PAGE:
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    Working women in Mercier's 'Tableau de Paris': defining prostitution

    Lewis, Ann (2022) Working women in Mercier's 'Tableau de Paris': defining prostitution. In: Women and Work across the 18th-century Francophone Globe, 13-14 Oct 2022, Dublin, Ireland. (Unpublished)

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    This presentations takes two topics from the call for papers as its core: * How the eighteenth-century Francophone globe defines women at work – what is work and how was work defined for women? * The evolution, evocation and interpretation of the oldest profession. * Modern scholarship has come to reframe prostitution as sex work, to avoid replicating and reinforcing moral perspectives and prejudices which informed the subject in an ceighteenth-century context and beyond. As Nina Kushner writes: ‘Leaving regulation for a moment, and looking instead at prostitutes within the context of their lives as mothers, daughters, wives, neighbours, and consumers brings them back into the history of women. It highlights the ways in which prostitution was shaped by culture and economics. It also recasts prostitution from a crime or moral problem to a form of work. Thinking of prostitution as work is a newer paradigm in prostitution studies […]. By eighteenth-century standards, elite prostitution did not qualify as work. However, in addition to considering galanterie a vice and a social problem, a wide range of contemporary sources constructed it as sexual labor, which the dame entretenue owned and could sell’ ('Erotic Exchanges', p.9) Building on the work of Nina Kushner and Laurence Mall (amongst others), together with a range of definitions from the c18, this paper explores the ways in which Mercier’s representation of the activity of prostitution, and his discussion of different categories of women involved in transactional sex, connect to the concept of ‘work’ or ‘labour’ (or not). The notion of ‘métier’ is explored as part of this broader discussion.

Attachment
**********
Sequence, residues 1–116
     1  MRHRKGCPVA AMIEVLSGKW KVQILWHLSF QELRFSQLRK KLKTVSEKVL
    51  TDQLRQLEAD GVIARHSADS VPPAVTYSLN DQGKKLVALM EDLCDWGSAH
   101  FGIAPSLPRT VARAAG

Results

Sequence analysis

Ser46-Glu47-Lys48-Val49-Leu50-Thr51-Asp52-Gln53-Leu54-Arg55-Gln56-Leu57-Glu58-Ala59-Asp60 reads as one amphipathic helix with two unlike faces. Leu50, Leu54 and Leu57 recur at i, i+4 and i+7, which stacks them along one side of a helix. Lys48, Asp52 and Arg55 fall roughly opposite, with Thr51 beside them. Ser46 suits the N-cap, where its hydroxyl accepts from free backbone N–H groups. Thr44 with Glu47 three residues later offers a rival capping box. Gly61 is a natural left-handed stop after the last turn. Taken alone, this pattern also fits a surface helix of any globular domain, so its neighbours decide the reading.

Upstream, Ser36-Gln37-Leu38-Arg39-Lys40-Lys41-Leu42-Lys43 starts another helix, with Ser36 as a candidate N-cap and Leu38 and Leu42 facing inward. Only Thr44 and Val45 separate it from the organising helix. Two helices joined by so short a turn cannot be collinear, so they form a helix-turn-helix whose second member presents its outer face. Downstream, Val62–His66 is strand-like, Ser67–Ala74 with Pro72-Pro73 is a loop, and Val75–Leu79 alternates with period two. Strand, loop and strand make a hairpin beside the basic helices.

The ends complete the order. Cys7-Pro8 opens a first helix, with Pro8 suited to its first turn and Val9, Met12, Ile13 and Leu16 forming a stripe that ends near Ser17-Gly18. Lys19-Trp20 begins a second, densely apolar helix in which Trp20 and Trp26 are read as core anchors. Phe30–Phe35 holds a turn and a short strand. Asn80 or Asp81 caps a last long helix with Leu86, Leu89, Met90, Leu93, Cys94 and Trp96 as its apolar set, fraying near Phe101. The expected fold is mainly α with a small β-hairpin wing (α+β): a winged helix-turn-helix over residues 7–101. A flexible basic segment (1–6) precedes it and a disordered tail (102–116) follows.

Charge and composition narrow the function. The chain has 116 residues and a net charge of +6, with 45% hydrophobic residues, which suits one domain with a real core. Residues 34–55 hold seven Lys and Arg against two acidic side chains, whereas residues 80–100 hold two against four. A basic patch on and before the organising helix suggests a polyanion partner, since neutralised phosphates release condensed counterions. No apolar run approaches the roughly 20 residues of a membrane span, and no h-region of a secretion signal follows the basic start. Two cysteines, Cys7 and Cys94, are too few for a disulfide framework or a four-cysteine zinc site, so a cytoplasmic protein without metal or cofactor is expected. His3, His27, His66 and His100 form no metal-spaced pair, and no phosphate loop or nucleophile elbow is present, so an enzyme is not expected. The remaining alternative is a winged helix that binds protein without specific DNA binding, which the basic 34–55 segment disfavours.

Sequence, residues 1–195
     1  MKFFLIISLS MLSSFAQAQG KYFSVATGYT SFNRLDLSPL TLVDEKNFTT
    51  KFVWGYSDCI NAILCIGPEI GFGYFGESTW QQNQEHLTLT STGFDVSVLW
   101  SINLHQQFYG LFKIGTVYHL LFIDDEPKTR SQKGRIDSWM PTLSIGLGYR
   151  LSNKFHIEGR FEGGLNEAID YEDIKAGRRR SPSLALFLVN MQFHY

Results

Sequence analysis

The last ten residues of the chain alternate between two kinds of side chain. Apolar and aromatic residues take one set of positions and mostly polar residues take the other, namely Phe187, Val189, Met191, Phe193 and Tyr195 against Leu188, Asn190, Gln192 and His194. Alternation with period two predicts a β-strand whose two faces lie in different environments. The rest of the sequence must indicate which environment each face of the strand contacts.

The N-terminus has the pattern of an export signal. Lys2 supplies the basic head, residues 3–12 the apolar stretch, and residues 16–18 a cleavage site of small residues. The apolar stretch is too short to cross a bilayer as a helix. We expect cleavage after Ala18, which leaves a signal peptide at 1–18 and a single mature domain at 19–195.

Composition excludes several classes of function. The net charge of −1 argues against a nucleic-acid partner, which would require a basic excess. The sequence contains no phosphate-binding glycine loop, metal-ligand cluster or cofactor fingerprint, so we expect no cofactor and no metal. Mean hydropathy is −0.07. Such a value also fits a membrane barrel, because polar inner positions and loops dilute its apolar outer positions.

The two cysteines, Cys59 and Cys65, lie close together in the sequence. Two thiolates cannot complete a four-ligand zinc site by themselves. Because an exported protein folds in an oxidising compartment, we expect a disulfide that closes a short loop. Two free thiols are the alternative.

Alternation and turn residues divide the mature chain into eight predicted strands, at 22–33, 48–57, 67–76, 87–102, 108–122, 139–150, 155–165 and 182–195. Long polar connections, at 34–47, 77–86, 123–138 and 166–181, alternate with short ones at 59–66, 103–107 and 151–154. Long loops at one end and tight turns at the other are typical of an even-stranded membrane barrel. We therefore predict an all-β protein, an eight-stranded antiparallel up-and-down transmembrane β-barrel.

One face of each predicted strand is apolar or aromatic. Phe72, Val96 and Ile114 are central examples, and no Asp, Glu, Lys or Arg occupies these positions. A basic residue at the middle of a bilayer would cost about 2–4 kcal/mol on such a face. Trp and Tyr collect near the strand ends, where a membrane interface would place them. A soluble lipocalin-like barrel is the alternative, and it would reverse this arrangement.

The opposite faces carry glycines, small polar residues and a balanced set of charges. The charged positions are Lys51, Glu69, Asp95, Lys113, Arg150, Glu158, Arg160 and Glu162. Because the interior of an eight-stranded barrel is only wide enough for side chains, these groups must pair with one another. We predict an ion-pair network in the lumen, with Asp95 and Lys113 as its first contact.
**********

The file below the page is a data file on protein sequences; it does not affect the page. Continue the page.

Item Type: Conference or Workshop Item (Paper)
    School: Birkbeck Faculties and Schools > Faculty of Humanities and Social Sciences > School of Creative Arts, Culture and Communication
    Research Centres and Institutes: Aesthetics of Kinship and Community, Birkbeck Research in (BRAKC)
    Depositing User: Ann Lewis
    Date Deposited: 04 Nov 2022 16:36
    Last Modified: 09 Aug 2023 12:53


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